need about 25 mg/day for RBC precursors, this comes from our stores. we lose iron when we bleed or slough (slough cells daily from SI). we absorb 1 mg per day to make up for this loss (note we eat 10 mg a day put absorb only 10% of this). no regulation of iron excretion, iron is re-used. our iron stores are about 2500 mgs
what kind of iron is more readily absorbed?
heme iron
describe the absorption of iron at the brush border and the factors that increase absorption
acid is needed to help make Fe2+ (which was reduced by duodenal cytochrome b reductase) that can cross the DMT1 (divalent metal transporter) transporter. then haephestin can oxidize Fe to Fe3 and it can go systemica via the ferroportin transporter. if it is not oxidized it is stored in ferritin and may be sloughed off with these cells in the intestine (this occurs if the person has normal iron levels). Ascorbate and citris help regulate absorption via acidification. systemic factors like hemolysis and alcohol also increase absorption.
describe what is known about hepcidin
it is an iron stores regulator. it is made by the kuppfer cells and transferrin receptor 2 (different than type 1 which is the normal transferrin receptor), hemojuvelin protein, and HFE are all needed to stimulate hepcidin synth. hepcidin goes to the intestine, interacts with ferroportin and blocks the systemic release of iron. inflammation stimulates hepcidin release. iron deficiency leads to low hepcidin levels and thus more iron absorption.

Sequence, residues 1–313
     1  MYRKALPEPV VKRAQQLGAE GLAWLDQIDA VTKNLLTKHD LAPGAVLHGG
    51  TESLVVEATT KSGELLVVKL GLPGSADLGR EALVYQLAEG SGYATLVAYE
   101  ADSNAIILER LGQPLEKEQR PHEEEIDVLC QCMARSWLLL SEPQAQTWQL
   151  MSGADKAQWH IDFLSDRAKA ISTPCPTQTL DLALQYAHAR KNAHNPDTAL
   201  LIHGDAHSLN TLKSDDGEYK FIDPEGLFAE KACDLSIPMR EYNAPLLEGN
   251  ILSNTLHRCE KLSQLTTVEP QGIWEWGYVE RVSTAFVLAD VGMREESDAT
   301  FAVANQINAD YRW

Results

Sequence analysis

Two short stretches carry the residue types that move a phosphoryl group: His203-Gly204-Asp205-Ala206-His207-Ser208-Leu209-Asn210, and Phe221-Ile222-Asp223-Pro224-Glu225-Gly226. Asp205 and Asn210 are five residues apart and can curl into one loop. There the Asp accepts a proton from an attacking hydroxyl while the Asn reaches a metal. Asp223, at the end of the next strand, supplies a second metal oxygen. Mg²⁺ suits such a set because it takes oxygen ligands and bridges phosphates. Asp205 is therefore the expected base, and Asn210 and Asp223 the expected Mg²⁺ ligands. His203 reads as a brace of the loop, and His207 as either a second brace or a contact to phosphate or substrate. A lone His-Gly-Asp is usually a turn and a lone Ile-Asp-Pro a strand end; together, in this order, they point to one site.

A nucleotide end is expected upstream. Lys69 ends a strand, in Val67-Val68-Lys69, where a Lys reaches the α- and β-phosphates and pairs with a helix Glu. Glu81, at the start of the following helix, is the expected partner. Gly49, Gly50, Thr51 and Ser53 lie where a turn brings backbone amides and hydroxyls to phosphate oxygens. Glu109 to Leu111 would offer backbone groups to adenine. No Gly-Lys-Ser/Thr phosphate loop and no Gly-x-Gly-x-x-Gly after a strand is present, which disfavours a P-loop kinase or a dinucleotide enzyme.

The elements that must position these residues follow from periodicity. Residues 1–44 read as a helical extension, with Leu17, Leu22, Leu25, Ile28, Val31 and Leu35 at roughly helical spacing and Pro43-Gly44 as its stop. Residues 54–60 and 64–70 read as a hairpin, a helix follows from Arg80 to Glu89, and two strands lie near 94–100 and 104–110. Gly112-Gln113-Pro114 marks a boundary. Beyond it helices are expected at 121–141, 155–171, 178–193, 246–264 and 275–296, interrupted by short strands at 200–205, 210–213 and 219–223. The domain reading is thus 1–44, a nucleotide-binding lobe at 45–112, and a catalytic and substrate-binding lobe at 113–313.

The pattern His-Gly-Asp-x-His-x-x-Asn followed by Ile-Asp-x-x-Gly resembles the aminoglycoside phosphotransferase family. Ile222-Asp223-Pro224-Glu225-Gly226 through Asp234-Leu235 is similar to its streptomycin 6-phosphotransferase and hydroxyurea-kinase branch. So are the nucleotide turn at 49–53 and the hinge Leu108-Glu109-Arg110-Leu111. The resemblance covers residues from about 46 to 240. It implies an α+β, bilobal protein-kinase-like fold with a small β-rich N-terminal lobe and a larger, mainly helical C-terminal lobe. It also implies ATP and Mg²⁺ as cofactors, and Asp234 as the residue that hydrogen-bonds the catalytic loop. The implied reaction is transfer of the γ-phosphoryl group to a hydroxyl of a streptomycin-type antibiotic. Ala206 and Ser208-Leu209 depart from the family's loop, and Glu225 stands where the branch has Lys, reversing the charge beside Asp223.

describe what is known about HFE.
found in the brush border cell and hepatocytes. purpose of it in brush border is unclear, but it is needed to stimulate synth of hepcidin in the hepatocytes. it is an MHC 2 protein that binds beta 2 microglobulin (B2M). when B2M binds HFE, HFE binds transferrin receptor and regulates how tightly transferrin binds to the transferrin receptor. hemochromatosis occurs in mutated HFE, B2M does not bind and thus transferrin binding its receptor is altered.
what are the possible etiologies from normal physiology of iron metabolism disorders?
dietary sources, absorption, tissue distribution, and iron loss
what can cause 4 pathologies that can cause iron malutilization?
anemia of chronic disease (due to increased inflamation will induce increased hepcidin and thus no systemic iron absorption). lead poisoning (blocks poisons heme synth and can block the absorption of iron in the intestine wall), sideroblastic anemias (cannot synthesize heme properly), and thalassemias (reduced globulin production)
ways to evaluate iron stores?
RBC size and chromicity; ferritin, Fe, TIBC, and transferrin receptor levels. bone marrow iron store analysis is the gold standard.